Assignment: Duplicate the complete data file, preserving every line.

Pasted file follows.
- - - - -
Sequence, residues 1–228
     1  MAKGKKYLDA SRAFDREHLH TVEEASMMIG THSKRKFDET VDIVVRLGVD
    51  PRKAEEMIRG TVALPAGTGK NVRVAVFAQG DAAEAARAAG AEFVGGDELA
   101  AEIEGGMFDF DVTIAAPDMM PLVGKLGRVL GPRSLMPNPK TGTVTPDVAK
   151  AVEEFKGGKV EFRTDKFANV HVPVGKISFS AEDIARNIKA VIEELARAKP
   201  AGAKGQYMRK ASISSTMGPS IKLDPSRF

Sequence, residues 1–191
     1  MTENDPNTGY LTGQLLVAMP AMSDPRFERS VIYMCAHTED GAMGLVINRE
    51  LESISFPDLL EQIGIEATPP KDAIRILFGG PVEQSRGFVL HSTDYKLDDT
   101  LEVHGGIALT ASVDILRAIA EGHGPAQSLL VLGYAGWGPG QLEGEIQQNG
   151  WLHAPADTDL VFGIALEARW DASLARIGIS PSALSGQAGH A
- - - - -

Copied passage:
Sequence, residues 1–228
     1  MAKGKKYLDA SRAFDREHLH TVEEASMMIG THSKRKFDET VDIVVRLGVD
    51  PRKAEEMIRG TVALPAGTGK NVRVAVFAQG DAAEAARAAG AEFVGGDELA
   101  AEIEGGMFDF DVTIAAPDMM PLVGKLGRVL GPRSLMPNPK TGTVTPDVAK
   151  AVEEFKGGKV EFRTDKFANV HVPVGKISFS AEDIARNIKA VIEELARAKP
   201  AGAKGQYMRK ASISSTMGPS IKLDPSRF

Sequence, residues 1–191
     1  MTENDPNTGY LTGQLLVAMP AMSDPRFERS VIYMCAHTED GAMGLVINRE
    51  LESISFPDLL EQIGIEATPP KDAIRILFGG PVEQSRGFVL HSTDYKLDDT
   101  LEVHGGIALT ASVDILRAIA EGHGPAQSLL VLGYAGWGPG QLEGEIQQNG
   151  WLHAPADTDL VFGIALEARW DASLARIGIS PSALSGQAGH A